As reported in The New England Journal of Medicine by Gabriel N. Hortobagyi, MD, and colleagues, the protocol-specified final overall survival analysis of the phase III MONALEESA-2 trial has shown a significant benefit with the addition of ribociclib to letrozole in the first-line treatment of postmenopausal women with hormone receptor (HR)-positive, HER2-negative advanced breast cancer.
Gabriel N. Hortobagyi, MD
The double-blind trial included 668 patients from sites in 29 countries with recurrent or metastatic disease who had not received previous systemic therapy for advanced disease. Patients were randomly assigned between January 2014 and March 2015 to receive ribociclib at 600 mg once daily (n = 334) or placebo (n = 344) for 21 days on/7 days off in 28-day cycles, plus letrozole continuously at 2.5 mg once daily.
Random assignment was stratified according to the presence or absence of liver or lung metastases. Crossover between treatment groups was not permitted until completion of the final overall survival analysis. Overall survival, a key secondary endpoint, was analyzed when a total of 400 deaths had occurred.
A previous report of updated progression-free survival results showed maintained superiority after the primary analysis, with median durations of 25.3 months in the ribociclib group vs 16.0 months in the control group (hazard ratio [HR] = 0.57, 95% confidence interval [CI] = 0.46–0.70, P < .001).
At data cutoff (June 2021), with a median follow-up of 80 months (6.6 years; minimum of 75 months), death had occurred in 181 patients (54.2%) in the ribociclib group vs 219 patients (65.6%) in the control group. Median overall survival was 63.9 months (95% CI = 52.4–71.0 months) in the ribociclib group vs 51.4 months (95% CI = 47.2–59.7 months) in the control group (HR = 0.76, 95% CI = 0.63–0.93, P = .008). Estimated rates at 48, 60, and 72 months were 60.9% vs 55.2%, 52.3% vs 43.9%, and 44.2% vs 32.0%, respectively.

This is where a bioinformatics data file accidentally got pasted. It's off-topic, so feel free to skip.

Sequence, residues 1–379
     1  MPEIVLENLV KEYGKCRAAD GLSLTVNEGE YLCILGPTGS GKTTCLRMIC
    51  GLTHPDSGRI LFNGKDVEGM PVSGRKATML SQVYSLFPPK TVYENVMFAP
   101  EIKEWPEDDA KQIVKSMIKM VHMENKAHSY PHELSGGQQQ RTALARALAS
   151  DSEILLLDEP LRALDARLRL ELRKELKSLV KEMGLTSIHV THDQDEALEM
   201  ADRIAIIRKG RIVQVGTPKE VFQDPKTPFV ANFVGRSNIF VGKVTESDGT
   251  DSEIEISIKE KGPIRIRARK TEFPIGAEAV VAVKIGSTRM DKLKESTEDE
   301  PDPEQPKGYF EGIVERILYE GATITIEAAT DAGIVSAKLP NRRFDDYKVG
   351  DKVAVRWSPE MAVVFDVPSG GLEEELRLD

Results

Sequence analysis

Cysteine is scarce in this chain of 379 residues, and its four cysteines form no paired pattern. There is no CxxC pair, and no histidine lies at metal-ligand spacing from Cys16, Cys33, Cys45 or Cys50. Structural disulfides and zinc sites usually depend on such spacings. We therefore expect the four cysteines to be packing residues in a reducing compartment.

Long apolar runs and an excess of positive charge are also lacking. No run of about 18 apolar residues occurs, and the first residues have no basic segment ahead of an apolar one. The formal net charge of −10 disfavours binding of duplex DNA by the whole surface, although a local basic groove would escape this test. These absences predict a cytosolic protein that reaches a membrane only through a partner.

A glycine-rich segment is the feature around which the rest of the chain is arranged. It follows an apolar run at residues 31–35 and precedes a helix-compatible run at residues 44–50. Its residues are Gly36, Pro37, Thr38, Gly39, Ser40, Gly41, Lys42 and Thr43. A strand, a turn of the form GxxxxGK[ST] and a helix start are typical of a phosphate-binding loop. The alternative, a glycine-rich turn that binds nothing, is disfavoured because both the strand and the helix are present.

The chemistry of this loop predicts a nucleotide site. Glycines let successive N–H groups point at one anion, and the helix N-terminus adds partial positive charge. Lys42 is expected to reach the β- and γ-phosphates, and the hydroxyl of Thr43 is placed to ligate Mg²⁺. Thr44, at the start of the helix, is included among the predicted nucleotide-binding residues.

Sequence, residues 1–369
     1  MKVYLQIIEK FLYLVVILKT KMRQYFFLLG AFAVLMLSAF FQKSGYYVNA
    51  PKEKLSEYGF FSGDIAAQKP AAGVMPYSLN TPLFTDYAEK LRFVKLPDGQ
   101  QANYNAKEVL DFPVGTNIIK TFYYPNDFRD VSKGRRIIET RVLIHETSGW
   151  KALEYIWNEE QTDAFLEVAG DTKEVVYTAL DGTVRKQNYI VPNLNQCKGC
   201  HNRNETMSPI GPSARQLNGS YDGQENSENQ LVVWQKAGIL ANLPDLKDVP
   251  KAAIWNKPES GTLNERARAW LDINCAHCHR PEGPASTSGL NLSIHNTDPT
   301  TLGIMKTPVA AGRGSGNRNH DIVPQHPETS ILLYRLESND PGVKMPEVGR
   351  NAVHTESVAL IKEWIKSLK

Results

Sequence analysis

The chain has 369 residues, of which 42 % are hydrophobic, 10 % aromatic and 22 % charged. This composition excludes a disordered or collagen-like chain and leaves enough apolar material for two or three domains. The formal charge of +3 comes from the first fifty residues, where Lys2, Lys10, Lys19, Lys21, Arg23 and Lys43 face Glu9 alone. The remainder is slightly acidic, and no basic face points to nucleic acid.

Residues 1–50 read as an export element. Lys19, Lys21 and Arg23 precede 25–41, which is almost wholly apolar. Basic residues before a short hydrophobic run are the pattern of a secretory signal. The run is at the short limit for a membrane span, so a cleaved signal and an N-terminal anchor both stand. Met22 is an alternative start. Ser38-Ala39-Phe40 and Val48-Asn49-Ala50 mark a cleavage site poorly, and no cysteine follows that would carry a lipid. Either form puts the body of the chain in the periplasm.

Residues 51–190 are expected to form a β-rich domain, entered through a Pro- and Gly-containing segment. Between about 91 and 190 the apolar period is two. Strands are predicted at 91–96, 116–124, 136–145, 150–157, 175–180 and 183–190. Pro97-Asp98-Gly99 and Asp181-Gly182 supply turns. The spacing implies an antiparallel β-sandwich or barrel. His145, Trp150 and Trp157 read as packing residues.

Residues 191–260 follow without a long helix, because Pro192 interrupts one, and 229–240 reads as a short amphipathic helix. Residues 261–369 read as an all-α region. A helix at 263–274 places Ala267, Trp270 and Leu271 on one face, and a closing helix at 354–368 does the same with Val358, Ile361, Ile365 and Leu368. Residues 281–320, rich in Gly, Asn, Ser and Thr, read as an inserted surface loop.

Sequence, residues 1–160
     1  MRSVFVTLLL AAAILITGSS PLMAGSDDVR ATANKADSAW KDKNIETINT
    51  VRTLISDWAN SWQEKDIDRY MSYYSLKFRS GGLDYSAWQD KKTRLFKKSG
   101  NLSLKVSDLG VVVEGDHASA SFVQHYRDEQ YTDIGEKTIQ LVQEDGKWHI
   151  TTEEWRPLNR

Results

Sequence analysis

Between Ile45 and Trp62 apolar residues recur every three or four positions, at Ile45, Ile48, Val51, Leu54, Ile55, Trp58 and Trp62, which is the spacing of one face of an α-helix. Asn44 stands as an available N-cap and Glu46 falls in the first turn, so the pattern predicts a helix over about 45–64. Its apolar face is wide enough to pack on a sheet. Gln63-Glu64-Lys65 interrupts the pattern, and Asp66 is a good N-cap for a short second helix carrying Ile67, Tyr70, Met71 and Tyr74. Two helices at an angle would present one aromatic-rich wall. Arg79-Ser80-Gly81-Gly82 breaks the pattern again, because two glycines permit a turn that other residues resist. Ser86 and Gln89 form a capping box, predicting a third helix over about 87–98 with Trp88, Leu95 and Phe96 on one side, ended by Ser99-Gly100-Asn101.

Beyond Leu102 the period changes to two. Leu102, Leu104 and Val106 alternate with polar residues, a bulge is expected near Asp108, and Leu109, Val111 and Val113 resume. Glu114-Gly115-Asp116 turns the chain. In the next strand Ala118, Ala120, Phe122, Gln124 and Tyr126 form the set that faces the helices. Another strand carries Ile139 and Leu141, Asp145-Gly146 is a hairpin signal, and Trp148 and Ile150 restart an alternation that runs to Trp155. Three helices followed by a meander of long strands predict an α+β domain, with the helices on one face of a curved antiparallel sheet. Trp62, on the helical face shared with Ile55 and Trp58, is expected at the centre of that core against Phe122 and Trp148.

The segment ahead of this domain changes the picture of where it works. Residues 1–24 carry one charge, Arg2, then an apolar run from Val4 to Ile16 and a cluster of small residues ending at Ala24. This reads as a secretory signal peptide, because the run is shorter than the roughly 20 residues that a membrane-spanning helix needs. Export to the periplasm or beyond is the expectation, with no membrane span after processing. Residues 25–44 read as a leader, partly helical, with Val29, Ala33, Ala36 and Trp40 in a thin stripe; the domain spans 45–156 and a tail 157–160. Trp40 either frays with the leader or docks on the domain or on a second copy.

In exploratory stratification subgroup analysis, hazard ratios were: 0.81 (95% CI = 0.54–1.24) among 131 patients with liver inolvement and 0.77 (95% CI = 0.62–0.97) among 537 patients without liver involvement; and 0.81 (95% CI = 0.61–1.09) among 302 patients with lung involvement and 0.72 (95% CI = 0.55–0.94) among 366 patients without lung involvement. Hazard ratios were 0.52 (95% CI = 0.36–0.74) among 227 patients with de novo metastatic disease and 0.91 (95% CI = 0.72–1.15) among 441 without de novo metastatic disease.
Subsequent Therapy and Additional Outcomes
Subsequent antineoplastic therapy was received by 87.8% of 304 patients in the ribociclib group vs 90.2% of 317 patients in the control group who discontinued trial therapy. Endocrine therapy alone was received by 32.9% vs 29.0% of patients as the first subsequent therapy. Chemotherapy alone or in combination was the first subsequent therapy in 28.0% vs 29.7% of patients.
Subsequent use of CDK4/6 inhibitors (palbociclib, abemaciclib, and ribociclib) in any line of therapy occurred in 21.7% vs 34.4% of patients. A model accounting for subsequent use of CDK4/6 inhibitors showed an estimated median overall survival of 50.5 months (95% CI = 45.0–55.4 months) in the control group.
The median time to first subsequent chemotherapy was 50.6 months vs 38.9 months (HR =0.74, 95% CI = 0.61–0.91). Chemotherapy use or death before chemotherapy occurred in 229 patients (68.6%) vs 258 patients (77.2%), with a median chemotherapy-free survival of 39.9 months vs 30.1 months (HR = 0.74, 95% CI = 0.62–0.89). No new safety signals were observed.
The investigators concluded, “First-line therapy with ribociclib plus letrozole showed a significant overall survival benefit as compared with placebo plus letrozole in patients with HR-positive, HER2-negative advanced breast cancer. Median overall survival was more than 12 months longer with ribociclib than with placebo.”
Dr. Hortobagyi, of the Department of Breast Medical Oncology, The University of Texas MD Anderson Cancer Center, is the corresponding author for The New England Journal of Medicine article.
Disclosure: The study was funded by Novartis. For full disclosures of the study authors, visit nejm.org.The content in this post has not been reviewed by the American Society of Clinical Oncology, Inc. (ASCO®) and does not necessarily reflect the ideas and opinions of ASCO®.